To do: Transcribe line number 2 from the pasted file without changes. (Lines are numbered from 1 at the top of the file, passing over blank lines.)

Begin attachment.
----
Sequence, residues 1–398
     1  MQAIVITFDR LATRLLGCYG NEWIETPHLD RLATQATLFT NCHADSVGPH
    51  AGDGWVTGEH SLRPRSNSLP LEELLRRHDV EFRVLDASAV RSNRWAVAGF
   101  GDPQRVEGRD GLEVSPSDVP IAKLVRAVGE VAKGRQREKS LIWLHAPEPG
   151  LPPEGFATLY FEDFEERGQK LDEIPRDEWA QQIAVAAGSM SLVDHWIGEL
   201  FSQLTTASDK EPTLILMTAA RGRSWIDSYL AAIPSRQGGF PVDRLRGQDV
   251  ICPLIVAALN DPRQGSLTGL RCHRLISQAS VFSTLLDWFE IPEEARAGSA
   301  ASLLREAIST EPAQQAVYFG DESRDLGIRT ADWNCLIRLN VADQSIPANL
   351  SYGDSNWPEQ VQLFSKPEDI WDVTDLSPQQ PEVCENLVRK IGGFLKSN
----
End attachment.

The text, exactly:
     1  MQAIVITFDR LATRLLGCYG NEWIETPHLD RLATQATLFT NCHADSVGPH